The Tennessee Attorney General Jonathan Skrmetti has announced a $44.5 million deal with the grocery chain Food City and its parent company, K-VA-T. In addition to paying out, the settlement would require K-VA-T and Food City to adjust employee conduct along with other non-monetary penalties. Neither Food City nor K-VA-T admit any wrongdoing in signing this settlement agreement. 

On September 21, AG Skrmetti announced that he had settled the state’s case against Food City alleging that the grocery chain’s behavior, particularly their opioid dispensing practices, contributed to opioid addiction in the state. According to the AG’s statement, the settlement agreement will provide millions of dollars to state and local efforts to curb the impact of opioid addiction in the community including contributing to an opioid abatement fund and supporting local measures to resolve municipal addiction crises.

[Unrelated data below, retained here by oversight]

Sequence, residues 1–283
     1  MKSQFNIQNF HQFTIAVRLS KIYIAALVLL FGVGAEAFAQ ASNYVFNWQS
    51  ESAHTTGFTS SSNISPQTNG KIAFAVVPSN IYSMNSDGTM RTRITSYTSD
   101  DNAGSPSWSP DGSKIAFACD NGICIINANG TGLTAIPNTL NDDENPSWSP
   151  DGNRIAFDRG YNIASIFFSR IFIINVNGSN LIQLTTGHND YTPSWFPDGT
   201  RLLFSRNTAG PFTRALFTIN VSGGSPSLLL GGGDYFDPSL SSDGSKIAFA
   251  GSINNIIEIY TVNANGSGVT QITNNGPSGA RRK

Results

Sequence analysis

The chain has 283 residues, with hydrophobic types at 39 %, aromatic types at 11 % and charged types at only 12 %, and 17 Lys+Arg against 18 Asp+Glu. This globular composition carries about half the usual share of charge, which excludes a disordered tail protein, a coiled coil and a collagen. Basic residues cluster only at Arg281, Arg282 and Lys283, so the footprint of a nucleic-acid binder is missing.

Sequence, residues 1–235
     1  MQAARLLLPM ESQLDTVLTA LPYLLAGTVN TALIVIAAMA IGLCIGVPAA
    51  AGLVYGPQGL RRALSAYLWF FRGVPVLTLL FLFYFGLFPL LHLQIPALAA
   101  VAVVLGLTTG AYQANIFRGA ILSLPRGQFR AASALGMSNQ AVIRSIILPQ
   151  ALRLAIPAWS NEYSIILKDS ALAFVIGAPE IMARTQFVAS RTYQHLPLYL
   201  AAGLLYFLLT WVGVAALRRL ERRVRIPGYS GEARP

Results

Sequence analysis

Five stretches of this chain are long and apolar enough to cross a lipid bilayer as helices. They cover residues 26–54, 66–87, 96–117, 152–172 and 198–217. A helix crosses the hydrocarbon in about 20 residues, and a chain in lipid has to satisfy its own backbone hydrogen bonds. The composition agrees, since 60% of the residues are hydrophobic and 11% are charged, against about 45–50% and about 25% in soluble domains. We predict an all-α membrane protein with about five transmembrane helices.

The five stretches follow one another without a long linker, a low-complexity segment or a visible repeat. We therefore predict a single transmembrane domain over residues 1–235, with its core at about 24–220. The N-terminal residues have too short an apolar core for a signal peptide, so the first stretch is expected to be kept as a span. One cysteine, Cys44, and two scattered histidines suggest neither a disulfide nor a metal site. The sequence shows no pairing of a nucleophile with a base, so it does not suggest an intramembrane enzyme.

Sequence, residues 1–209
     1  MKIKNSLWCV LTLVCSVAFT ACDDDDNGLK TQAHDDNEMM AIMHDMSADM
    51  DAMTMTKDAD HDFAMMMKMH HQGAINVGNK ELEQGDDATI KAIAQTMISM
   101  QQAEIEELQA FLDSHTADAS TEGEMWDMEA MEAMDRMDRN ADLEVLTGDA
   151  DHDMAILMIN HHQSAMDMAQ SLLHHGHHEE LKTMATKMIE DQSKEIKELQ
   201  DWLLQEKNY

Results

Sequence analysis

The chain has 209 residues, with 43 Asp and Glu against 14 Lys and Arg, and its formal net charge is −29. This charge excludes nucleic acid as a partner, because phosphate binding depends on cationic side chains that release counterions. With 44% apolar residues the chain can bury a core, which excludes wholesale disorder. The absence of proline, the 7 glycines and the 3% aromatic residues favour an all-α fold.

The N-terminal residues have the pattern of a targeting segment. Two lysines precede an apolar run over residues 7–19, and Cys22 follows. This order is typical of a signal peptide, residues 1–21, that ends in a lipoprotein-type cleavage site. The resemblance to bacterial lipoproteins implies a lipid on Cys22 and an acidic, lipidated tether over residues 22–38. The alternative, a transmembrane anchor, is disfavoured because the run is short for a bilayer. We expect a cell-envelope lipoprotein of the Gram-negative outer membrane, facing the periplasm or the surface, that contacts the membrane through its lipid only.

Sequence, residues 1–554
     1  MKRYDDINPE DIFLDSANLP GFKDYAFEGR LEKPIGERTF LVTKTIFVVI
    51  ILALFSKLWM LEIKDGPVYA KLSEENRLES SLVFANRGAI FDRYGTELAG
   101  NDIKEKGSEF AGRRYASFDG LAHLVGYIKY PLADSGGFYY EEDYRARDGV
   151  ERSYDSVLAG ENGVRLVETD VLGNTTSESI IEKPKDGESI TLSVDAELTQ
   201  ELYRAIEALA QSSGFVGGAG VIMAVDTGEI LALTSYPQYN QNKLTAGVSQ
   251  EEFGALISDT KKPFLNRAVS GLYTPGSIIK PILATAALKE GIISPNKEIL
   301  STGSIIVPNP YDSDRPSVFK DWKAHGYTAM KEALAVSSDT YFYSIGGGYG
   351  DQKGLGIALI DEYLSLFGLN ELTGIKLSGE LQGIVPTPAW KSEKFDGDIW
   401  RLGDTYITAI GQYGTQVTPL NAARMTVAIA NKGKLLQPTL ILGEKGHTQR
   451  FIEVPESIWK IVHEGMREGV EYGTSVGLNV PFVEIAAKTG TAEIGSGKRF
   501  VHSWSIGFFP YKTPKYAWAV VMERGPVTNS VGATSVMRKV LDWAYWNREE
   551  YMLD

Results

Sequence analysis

AG Skrmetti defended his decision to pursue Food City, stating, “Every entity that contributed to the opioid crisis must be held accountable. Our Consumer Protection Division remains relentless in the pursuit of justice and I am proud of their aggressive enforcement in this case.” The AG also called the settlement a “hefty price to resolve past misconduct” that is now being used to provide critical resources to “save lives and protect families.”

In addition to the monetary penalties, K-VA-T has agreed to several measures that would prevent the over-distribution of opioids, including providing additional training for pharmacy staff, instituting stricter mandatory reporting protocols for suspicious opioid prescriptions, and improving the prescription validation process of Food Cities. 

Finally, in an effort to give back to the community, the settlement also stipulates that Food City must agree to provide work opportunities to Tennessee residents who are recovering from opioid addiction. Unlike more general funding requirements, this measure will provide specific relief to formerly addicted opioid users seeking to rebuild their lives and return to being productive members of society.